Telcos agree to pay NCC fines

Almost three weeks after missing the deadline given the four GSM operators – MTN, Globacom, Airtel and Etisalat – to pay a N1.17 billion fine imposed by the Nigerian Communications Commission (NCC), the companies have agreed to pay the fine by next week. The telecos were fined for poor quality of services and failure to meet their key performance indicators (KPIs) However, the companies, whose representatives met with NCC officials in Abuja yesterday demanded, as a precondition for the payment of the fines, a review of the present KPIs, which they argued did not take into consideration the peculiarity of the Nigerian business environment.

KPIs are the parameters set by NCC to monitor quality of service, customer service and technical service, among others, but the operators have complained that the KPIs were unrealistic and unachievable, going by the present poor state of infrastructure in the country. During their meeting with the NCC yesterday, one of several in a series of meetings since the fine was imposed on May 11, agreed to pay on the condition that the KPIs will be reviewed. NCC Director, Public Affairs, Mr. Tony Ojobo, who confirmed the development said a truce was reached between both parties and that the operators had promised to pay the fine by next week. Although he did not give details if the fine that will be paid will include the added daily penalty of N2.5 million after the May 25 deadline, he said since they had agreed to pay, it would also include the daily fine, which he said might be paid together or separately. But an executive with one of the telecom firms disputed Ojobo’s assertion, stating that the meeting agreed that the companies would only pay the N1.17 billion fine and not the daily penalties for missing the deadline. Ojobo, however, disclosed that the operators visited the commission and made a presentation on the technology they would deploy to improve quality of service in the next few months. Outside the sanctions we demanded that they show us a concrete plan they have in place to improve their services, he said.

The operators, he said, had deployed hybrid power to bridge the challenge of power failure and promised to manage cities where they have high traffic so that services would improve. The service providers have given their commitment that services are going to improve because substantial investments are going to be made, Ojobo said, adding that the commission would monitor their networks to ensure they keep to their promises.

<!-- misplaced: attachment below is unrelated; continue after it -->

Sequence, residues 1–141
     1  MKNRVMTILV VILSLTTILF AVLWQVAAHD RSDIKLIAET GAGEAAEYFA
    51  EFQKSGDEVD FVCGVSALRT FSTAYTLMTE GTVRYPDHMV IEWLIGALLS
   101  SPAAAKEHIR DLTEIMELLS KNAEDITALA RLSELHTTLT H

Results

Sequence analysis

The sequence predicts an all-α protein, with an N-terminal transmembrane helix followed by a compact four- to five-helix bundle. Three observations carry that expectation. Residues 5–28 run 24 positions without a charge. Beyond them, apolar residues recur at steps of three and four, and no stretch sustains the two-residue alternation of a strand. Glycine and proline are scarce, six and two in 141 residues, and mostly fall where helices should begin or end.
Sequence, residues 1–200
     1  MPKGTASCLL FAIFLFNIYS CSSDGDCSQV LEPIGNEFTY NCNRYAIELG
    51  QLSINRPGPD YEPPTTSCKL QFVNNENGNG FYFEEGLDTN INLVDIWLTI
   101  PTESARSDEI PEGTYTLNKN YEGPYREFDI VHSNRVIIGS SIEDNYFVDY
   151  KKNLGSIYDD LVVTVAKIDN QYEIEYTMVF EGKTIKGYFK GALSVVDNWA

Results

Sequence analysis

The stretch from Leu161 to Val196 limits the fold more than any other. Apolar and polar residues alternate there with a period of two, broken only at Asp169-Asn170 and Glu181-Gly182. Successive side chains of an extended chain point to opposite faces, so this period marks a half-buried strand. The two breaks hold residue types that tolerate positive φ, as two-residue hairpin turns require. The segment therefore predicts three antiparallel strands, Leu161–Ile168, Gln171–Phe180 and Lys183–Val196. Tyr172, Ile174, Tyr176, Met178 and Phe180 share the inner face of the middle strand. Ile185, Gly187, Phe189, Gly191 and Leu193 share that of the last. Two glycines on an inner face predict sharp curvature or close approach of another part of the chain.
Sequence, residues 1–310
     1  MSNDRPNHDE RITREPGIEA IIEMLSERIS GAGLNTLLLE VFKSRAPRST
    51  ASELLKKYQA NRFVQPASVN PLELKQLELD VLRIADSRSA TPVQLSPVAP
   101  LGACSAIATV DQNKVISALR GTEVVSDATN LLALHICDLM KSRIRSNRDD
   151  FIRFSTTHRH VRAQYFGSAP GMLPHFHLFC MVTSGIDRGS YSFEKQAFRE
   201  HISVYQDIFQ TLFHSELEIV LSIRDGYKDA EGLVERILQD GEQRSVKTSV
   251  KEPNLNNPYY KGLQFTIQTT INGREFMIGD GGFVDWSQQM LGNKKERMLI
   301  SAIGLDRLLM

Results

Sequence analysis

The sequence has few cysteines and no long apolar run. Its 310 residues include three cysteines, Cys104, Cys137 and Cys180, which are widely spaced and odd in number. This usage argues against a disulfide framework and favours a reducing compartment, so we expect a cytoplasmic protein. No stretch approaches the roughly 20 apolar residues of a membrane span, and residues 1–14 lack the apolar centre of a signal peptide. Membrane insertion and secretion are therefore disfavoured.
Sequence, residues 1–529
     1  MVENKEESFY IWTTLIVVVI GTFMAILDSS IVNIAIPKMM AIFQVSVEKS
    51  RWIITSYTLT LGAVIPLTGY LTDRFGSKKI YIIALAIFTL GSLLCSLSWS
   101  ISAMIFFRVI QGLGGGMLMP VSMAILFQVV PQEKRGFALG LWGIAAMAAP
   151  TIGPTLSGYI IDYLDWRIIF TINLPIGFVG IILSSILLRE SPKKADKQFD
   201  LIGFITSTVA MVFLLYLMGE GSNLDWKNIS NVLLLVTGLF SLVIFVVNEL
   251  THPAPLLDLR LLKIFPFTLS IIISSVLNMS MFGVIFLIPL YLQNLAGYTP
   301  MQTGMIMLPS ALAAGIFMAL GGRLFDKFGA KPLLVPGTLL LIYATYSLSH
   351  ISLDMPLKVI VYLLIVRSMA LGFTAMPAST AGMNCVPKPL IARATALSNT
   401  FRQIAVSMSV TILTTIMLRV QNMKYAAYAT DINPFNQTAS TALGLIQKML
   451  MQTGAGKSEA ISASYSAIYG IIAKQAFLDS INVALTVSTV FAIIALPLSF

Chairman of the Association of Licensed Telecoms Operators of Nigeria (ALTON), Mr. Gbenga Adebayo, said the two parties were still holding meetings and consultations and the matter would be fully resolved by next week. Spokesman for Airtel Nigeria, Mr. Emeka Oparah, confirmed that the operators and the NCC had reached an agreement, but said he had no details. Other operators, who spoke in anonymity, also confirmed that they had agreed to pay the fine by next week.

One of the executives with one of the telecom firms explained that from the very first meeting between operators and the NCC, they demanded to know the basis upon which the fine was imposed, insisting that the present KPIs were unachievable, especially in a situation where nothing has improved in the operating environment in the last 10 years. “The Federal Government has failed to meet its end of the bargain by providing infrastructure and the enabling environment, and this has hampered our ability to provide top grade services,” he said.

Comparing KPIs in Nigeria with that of other countries, the operators revealed that the NCC saddled them with 117 KPIs, which include technical and customer service KPIs, whereas telcos all over the world are restricted to between five to seven KPIs, chief of which are customers impacting not back-end impacting. Citing India as example, the executive said “the Call Set-up Success Rate (CSSR) in India is 95 per cent, while NCC set its  own at 98 per cent in Nigeria. Also, the Traffic Channel Congestion (TCH) in India is 2 per cent, while in Nigeria it is 2 per cent. SDCCH, an engineering terminology for signalling congestion parameter, in India is set at 1 per cent, while in Nigeria, it is 0.2 per cent.”

“This means Nigeria’s obligation is five times more onerous than that of India’s requirement,” he explained. He insisted KPIs in Nigeria should be realistic and achievable, as it is in other countries. After listening to them, NCC, it was gathered, agreed with the operators to have a graduated  glide path to achieve the KPIs, which means that KPIs in Nigeria will henceforth be attained on a graduated level. The NCC had slammed the N1.17 billion on the four GSM operators for failing to meet the KPI test carried out on their networks for the months of March and April. The commission gave them until May 25 to pay the fine and warned that operators would pay a penalty of N2.5 million daily as long as the contravention persists.

The breakdown of the fine is as follows: MTN and Etisalat are to pay N360 million each, Airtel – N270 million, while Globacom will pay N180 million.

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